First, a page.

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The peaks and valleys of silicon

New layered semiconducting materials as silicon alternative

Date:
June 26, 2015
Source:
University of Southern California
Summary:
Scientists have created a new method for generating a 2D semiconducting material that could one day replace silicon in electronics. The demand for a silicon material aided the discovery of graphene, a single layer of graphite -- which won the Nobel Prize in Physics in 2010. Since this time, scientists and engineers have developed many two-dimensional (2D) material innovations -- layered materials with the thickness of only one atom or a few atoms. One such layered 2D material is black arsenic phosphorus.
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Atomic force microscope image of a black arsenic-phosphorus field-effect transistor.
Credit: Chongwu Zhou and Bilu Liu

When the new iPhone came out, customers complained that it could be bent -- but what if you could roll up your too big 6 Plus to actually fit in your pocket? That technology might be available sooner than you think, based on the work of USC Viterbi engineers.

For many decades, silicon has been the heart of modern electronics -- but as a material, it has its limits. As our devices get smaller and smaller, the basic unit of these devices, a transistor, must also get tinier and tinier. Bottom line: the size of the silicon transistor is reaching its physical limit. As silicon devices are based on what is called a top-down cutting method, it is increasingly difficult for silicon to be made even smaller. Consumers also demand phones to be lighter, faster, smaller, more flexible, wearable, bendable, etc. Yet silicon is also rigid -- one can't bend your smart phone or computer. These physical limitations have driven the race for new materials that can be used as semiconductors in lieu of silicon.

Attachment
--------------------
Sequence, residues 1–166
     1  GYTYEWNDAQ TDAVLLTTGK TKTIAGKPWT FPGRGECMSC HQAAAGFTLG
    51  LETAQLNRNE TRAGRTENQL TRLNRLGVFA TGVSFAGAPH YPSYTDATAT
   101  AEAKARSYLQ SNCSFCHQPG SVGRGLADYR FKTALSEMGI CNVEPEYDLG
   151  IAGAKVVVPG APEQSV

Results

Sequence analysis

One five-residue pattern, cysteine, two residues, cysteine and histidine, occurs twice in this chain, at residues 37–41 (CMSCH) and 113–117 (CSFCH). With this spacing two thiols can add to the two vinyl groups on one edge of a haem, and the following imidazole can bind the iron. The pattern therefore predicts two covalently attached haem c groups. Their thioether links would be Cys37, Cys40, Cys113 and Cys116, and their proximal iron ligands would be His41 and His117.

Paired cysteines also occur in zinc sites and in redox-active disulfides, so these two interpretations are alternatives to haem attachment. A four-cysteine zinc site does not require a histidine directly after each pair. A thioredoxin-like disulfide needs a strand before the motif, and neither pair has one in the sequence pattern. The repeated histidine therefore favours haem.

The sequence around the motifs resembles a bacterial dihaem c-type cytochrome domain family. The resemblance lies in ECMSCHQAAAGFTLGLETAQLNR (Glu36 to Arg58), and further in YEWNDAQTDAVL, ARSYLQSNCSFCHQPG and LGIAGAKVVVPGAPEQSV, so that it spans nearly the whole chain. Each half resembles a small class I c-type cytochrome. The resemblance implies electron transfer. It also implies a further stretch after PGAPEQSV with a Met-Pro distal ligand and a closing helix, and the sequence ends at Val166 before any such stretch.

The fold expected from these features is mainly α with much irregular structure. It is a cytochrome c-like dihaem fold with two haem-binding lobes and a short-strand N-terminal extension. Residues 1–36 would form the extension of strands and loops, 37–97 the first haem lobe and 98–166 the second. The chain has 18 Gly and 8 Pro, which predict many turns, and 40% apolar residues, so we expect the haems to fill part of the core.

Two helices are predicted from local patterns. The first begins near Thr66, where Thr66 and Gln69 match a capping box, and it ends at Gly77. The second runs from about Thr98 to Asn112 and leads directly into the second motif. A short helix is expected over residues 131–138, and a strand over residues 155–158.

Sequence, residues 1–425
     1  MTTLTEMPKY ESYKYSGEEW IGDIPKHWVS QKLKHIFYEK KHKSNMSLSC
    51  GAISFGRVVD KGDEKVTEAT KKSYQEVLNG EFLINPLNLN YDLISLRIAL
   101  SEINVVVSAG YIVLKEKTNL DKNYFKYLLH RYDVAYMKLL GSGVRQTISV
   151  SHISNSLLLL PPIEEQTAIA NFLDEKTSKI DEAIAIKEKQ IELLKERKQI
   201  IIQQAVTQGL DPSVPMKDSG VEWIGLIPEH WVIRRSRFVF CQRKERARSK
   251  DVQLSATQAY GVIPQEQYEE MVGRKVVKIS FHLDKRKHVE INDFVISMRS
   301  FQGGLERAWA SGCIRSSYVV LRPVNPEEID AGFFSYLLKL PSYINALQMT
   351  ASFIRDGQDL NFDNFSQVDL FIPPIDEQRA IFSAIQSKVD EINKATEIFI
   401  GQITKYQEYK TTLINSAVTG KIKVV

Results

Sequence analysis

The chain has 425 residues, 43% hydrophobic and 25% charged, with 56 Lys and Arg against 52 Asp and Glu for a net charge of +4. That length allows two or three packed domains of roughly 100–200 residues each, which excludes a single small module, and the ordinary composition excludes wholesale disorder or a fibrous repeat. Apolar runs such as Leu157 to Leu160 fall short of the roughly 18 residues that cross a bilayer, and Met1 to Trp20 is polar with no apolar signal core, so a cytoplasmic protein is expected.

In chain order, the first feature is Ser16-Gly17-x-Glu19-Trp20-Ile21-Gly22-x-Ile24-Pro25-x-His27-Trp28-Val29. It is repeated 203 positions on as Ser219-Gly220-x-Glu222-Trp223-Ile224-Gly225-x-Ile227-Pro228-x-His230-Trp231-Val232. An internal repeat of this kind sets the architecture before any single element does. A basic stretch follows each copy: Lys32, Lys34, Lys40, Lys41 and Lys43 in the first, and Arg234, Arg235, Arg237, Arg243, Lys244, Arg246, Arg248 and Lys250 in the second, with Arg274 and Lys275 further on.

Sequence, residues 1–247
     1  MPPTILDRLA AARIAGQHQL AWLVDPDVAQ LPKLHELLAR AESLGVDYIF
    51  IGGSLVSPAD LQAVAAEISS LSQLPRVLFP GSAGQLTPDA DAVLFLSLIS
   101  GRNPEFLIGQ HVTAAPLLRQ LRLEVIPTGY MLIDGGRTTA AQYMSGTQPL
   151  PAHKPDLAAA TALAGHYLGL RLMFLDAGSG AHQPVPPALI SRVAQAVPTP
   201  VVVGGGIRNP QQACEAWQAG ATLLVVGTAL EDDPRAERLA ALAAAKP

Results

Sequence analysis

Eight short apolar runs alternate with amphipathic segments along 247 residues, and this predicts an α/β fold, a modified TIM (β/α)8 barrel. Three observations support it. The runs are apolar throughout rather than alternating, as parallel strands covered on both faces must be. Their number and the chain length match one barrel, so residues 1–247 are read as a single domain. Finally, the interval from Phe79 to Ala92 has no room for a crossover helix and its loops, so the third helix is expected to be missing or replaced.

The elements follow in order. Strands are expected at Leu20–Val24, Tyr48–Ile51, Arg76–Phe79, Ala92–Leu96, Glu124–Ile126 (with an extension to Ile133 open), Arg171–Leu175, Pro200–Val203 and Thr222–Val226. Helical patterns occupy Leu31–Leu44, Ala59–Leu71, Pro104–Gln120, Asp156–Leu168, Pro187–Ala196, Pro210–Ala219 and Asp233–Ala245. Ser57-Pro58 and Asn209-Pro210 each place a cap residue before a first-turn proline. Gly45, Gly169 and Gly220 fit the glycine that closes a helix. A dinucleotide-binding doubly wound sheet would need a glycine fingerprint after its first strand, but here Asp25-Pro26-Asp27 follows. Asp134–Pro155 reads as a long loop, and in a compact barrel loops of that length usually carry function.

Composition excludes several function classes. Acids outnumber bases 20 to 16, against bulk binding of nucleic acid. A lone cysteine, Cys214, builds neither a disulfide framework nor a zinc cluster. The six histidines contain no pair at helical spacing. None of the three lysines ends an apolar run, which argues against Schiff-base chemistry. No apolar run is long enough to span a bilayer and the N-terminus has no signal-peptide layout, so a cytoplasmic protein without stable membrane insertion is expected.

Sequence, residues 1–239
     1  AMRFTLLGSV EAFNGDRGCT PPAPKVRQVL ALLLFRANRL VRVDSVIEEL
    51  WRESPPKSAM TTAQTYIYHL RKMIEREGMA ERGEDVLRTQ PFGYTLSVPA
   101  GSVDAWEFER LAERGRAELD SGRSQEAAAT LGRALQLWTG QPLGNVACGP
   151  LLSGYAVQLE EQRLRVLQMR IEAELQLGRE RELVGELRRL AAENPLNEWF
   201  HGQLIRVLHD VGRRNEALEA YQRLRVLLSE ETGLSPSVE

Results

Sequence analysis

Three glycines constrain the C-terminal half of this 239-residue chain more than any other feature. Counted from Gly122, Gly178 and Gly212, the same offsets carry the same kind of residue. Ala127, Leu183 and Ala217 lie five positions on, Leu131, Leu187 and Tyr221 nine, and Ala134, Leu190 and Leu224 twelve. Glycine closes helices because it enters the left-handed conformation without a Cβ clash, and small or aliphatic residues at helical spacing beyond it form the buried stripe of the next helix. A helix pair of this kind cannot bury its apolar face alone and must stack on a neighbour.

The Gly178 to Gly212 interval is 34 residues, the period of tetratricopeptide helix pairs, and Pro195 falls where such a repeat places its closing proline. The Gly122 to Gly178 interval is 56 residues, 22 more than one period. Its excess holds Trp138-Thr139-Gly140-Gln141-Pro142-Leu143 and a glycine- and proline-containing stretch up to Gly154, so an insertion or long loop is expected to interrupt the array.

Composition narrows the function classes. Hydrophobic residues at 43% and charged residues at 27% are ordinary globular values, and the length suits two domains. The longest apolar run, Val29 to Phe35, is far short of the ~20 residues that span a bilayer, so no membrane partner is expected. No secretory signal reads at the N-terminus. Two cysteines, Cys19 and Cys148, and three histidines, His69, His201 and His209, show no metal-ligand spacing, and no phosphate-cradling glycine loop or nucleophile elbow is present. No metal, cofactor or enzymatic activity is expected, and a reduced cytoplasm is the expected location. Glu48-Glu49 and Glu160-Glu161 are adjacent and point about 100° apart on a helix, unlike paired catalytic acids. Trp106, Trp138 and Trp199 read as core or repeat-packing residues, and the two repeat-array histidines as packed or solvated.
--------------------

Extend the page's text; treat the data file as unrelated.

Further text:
The demand for a silicon material aided the discovery of graphene, a single layer of graphite -- which won the Nobel Prize in Physics in 2010. Since this time, scientists and engineers have developed many two-dimensional (2D) material innovations -- layered materials with the thickness of only one atom or a few atoms. One such layered 2D material is black arsenic phosphorus. Now, a team of scientists at USC Viterbi, in collaboration with Technische Universität München, Germany, Universität Regensburg, Germany, and Yale University, have developed a new method to synthesize black arsenic-phosphorus without high pressure. This method demands less energy and is cheaper, and the synthesized materials have some incredible new properties.

The innovation, developed by USC Viterbi researchers, including Bilu Liu, the paper's lead author and postdoctoral researcher; Ahamad Abbas, graduate student; Han Wang, assistant professor; Rohan Dhall, graduate student; Stephen B. Cronin, associate professor; Mingyuan Ge, research assistant; Xin Fang, graduate student; and Professor Chongwu Zhou of the Ming Hsieh Department of Electrical Engineering, in concert with their collaborators, is documented in a paper titled "Black Arsenic-Phosphorus: Layered Anisotropic Infrared Semiconductors with Highly Tunable Compositions and Properties." The paper appeared in Advanced Materials on June 25, 2015.